A successful launch would have resulted in the Ares/Orion LAS being jettisoned, effectively meaning it was a dead weight to carry uphill.
Cargo runs to the ISS is the first job on the books for Dragon, as contracted by NASA in the Commercial Resupply Services (CRS) contract, worth up to $3.5 billion for SpaceX and fellow commercial winner Orbital.
Initially, SpaceX were tasked with carrying out three test flights – the first of which has been successfully achieved – on a phased test plan which would satisfy NASA and the ISS partners that Dragon would be safe to dock with the orbital outpost.
While Russian media reports have emphasized Roscosmos’ – somewhat obvious – insistence that Dragon proves itself before they’d be happy to sign off on Dragon approaching the ISS, NASA managers have not changed their stance, one which has been consistently positive for most of last year and all of 2011 thus far.
“First formal internal JSC (Johnson Space Center) discussion of the feasibility of combining the two remaining SpaceX demos (COTS 2/3). Managers will go over impacts, work left to do, work that would have to be redone, and launch date estimates based on that,” noted the first memo of 2011 (L2) back in January, referencing the potential of combining both the second and third test flights.
With the Commercial Crew Cargo Project Office noting that the first funding drop was issued to both Orbital and SpaceX in back in December of 2010 – along with the COTS Office added milestones, in tandem with another allocation of NASA funds being distributed this quarter for additional testing – the combination of Dragon’s next two missions began to gain mentions with more frequency.
“At the SpaceX quarterly it was reported that they are looking at combining the next two flights and they feel they can get to ISS soon,” added the COTS office. “The recommendation as to how to proceed is forthcoming.”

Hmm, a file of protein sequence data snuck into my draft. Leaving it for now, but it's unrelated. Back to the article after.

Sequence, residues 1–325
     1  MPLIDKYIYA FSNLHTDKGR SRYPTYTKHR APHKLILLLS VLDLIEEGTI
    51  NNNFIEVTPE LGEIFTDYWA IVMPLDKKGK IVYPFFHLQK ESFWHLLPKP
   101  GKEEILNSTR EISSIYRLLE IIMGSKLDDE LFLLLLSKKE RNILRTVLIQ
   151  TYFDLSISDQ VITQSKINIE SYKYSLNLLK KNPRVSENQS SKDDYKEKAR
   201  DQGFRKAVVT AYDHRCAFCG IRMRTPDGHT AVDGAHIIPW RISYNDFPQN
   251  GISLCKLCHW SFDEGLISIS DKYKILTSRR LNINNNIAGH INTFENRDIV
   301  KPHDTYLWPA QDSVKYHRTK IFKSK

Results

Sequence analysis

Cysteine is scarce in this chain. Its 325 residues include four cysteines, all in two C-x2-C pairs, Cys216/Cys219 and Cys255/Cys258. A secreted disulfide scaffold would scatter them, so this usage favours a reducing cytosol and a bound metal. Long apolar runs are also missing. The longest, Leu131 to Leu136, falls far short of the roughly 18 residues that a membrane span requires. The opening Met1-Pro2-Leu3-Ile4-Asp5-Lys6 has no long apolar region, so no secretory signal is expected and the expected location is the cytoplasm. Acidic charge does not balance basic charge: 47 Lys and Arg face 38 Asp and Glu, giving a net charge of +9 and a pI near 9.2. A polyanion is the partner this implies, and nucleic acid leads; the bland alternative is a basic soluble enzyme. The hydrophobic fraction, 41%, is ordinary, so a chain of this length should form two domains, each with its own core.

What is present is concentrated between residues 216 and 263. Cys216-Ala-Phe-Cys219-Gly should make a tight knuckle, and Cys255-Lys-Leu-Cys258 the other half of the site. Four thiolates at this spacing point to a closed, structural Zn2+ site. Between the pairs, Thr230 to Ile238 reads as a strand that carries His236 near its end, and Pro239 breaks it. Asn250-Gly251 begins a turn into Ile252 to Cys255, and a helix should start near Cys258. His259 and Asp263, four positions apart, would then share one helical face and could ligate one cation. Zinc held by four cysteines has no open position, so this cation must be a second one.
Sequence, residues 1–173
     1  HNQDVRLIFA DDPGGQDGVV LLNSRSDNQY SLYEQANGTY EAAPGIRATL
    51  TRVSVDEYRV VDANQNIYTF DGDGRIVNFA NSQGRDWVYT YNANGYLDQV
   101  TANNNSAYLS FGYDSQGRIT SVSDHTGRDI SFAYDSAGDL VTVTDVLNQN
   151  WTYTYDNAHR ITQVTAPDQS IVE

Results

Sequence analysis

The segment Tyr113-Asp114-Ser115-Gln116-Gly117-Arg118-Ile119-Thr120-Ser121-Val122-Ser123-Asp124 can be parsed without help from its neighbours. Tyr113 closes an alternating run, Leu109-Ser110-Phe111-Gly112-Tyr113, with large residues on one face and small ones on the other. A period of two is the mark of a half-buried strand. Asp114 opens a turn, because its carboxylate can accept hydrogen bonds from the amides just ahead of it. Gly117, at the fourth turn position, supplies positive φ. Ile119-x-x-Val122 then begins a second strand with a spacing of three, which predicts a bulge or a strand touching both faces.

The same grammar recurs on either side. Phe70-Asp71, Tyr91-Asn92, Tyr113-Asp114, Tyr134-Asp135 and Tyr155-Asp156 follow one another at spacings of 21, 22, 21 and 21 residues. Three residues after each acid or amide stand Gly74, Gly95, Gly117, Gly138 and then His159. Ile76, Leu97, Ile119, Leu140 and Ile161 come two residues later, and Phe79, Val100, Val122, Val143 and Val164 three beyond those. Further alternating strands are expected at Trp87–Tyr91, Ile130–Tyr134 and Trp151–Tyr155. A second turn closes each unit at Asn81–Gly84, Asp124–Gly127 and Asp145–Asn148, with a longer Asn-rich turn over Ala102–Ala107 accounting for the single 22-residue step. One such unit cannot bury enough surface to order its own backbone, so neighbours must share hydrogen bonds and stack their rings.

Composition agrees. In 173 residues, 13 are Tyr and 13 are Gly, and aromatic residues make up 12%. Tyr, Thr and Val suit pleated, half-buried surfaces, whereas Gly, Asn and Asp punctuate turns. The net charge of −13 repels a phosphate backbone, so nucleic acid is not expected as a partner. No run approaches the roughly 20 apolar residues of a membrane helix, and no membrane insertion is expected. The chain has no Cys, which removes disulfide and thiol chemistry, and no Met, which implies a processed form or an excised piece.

By February, ISS long-range (all vehicle) manifests (L2) were still listing separate missions, with C2 (or D2) launching on July 15, followed by C3 (or D3) on October 8, prior to spending October 10 to November 4 on Station. However, a caveat was also listed, citing the “potential that D2 and D3 could be combined”.
Based on the separate C2 and C3 missions, C2 would be tasked with mission objectives up to allowing Dragon to approach the Station to within 10 kilometers, use its radio cross-link to allow the ISS crew to receive telemetry from the capsule and send commands, prior to ending the five day mission with a splashdown in the Pacific Ocean. C3 would then carry out a full unmanned mission, docking with the ISS.
Interestingly, the aforementioned manifest also shows both the first operational mission of Dragon (CRS-1) and Orbital’s Cygnus opening Demo flight would launch within a week of each other in mid-December, with Dragon being relocated on Station to make room for its commercial cousin.
With Soyuz and Progress activity also scheduled for December, the February ISS manifest was giving an insight into one of the busiest months of traffic ever to be seen by the ISS. However, as with all manifests, slips, realignments and planning changes rarely result in a manifest 10 months ahead becoming the reality.
By March, additional milestones for SpaceX were sent to the NASA Associate Administrator (Mr Doug Cooke) for his signature, prior to a Joint Program Review (JPR) with the ISS Program management. Memos which followed in April ramped up the positivity that the next two Dragon missions would be combined.